For the first time in at least two years, I am attending a convention related to kidneys and renal health. This weekend I'm off to Nashville for the 41st national meeting of the independent advocacy group AAKP, the American Association of Kidney Patients.
In one sense, this is serendipity. My sister-in-law and her husband live in Music City and their youngest daughter, Eleanor, turns six this week. So when I received the invitation to attend this year's AAKP and noticed the dates, my wife, Karen, and I decided to make it a family excursion. While I'm in a crowded, airless hotel ballroom soaking up such sessions as "Summit on Public Policy" and "The Kidney Disease Self-Management Toolbox," Karen will be frolicking with her sister, the birthday niece and two other kids.
(I am certain Eleanor will not miss me. She hasn't spoken to me since she was three. As the only person in her immediate family of a different color, I may come across to her like the Boogeyman.)
In a much larger sense, however, this convention represents a personal renewal and rededication for me.
Over the past several months I feel like I've lost something – call it passion, commitment, enthusiasm, whatever you choose – for the kidney cause.
I am still the ESRD (End-Stage Renal Disease) patient representative for the State of Illinois, and I am still honored to hold the position. But it's a largely ceremonial post, mandated by state charter. The veteran nephrologists (kidney specialists) and nurse managers who dominate the committee generally welcome my comments with all the enthusiasm of a sick patient trying to diagnose his own illness. They would much rather I was seen and not heard. For that matter, I'm not so sure they're that wild about me being seen, either.
I continue to sit on several national and regional renal boards, but I find I'm not as devoted to the affiliations as I once was. Where once I used to build my week's schedule around trips to board meetings and webinar sessions, now it's largely the other way around. If a meeting happens to fall easily within my other responsibilities and I can make it, I'm there. If not....
And even though I hold the titular title of secretary for my local ESRD support group, I cannot tell you the last time I made a meeting. They are always held on the first Tuesday of the month, but it seems lately I've been on the road for business, or tied up with a church commitment, or otherwise engaged. Sometimes, quite honestly, I've just forgotten. That never used to happen.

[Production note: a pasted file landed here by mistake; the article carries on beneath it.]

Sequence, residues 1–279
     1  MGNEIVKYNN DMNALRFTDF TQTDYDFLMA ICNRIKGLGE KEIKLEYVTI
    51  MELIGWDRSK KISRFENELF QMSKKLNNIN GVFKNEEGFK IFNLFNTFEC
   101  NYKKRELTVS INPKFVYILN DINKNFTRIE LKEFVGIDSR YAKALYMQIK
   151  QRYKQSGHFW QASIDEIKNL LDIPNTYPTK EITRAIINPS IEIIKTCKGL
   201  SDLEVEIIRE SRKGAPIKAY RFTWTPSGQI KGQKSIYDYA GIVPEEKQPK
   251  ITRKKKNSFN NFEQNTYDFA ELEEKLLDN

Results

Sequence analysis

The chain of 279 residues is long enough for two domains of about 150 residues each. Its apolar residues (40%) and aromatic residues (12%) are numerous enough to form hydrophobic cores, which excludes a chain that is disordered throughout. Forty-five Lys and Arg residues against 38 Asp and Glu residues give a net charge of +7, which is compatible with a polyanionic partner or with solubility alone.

Do I have a theory as to why my fervor has faded? Have we met? Of course I do!
I really think it has a lot to do with the present condition of my health – which, at the moment, is superb. After a few years on daily dialysis, overcoming the fear and pain of a kidney transplant and a few more years living with the new reality of 30-plus pills a day and constant blood and body monitoring, today I'm doing great.
At my last annual checkup (which once was my monthly checkup), the chief of transplant surgery for Barnes-Jewish Hospital in St. Louis, the site of my operation, used the word "unbelievable" to describe my condition. My standing blood tests have been reduced from bi-monthly to once a month. My creatinine (cree-AT-tin-een) level, an indicator of kidney function that typically falls between 0.6 to 1.3 for normal healthy people, is at 0.9. My beloved little Cheyenne, who moved into my body in 2011 as a long-term tenant, is just showing out.
|At my first AAKP convention, in Little Rock, I met inspirations like Brad Mayfield.|
However, I think with the passage of time, many people get the desire to reach back and lend a helping hand to others who face the same challenges they have overcome. I have encountered so many folks who served to inspire me, like my friend Brad Mayfield whom I met at my first AAKP convention in Little Rock back in 2011. I talked to people who'd been on dialysis 10, 15, 20 years, some who were fearful of receiving a transplant, others whose condition prevented it. I still remember how thrilled I was over the prospect of spending time in Arkansas (I wrote about it here), but the experience ended up being just what I needed, just when I needed it most.
I think I'm ready to jump back into the kidney caravan again, to rededicate myself to the effort. This weekend will be the test. More than 26 million Americans have some form of kidney disease, over 101,000 of them are on the waiting list for a transplant. And while they won't all be at the AAKP convention, if I can make a small difference in one person's experience, if I can be the example or inspiration for anybody, then this weekend in the shadow of Opryland will be well worth the trip. (Eleanor birthday celebration notwithstanding.)
It's a simple shift in perspective: I'm OK, I Want You to be OK, Too.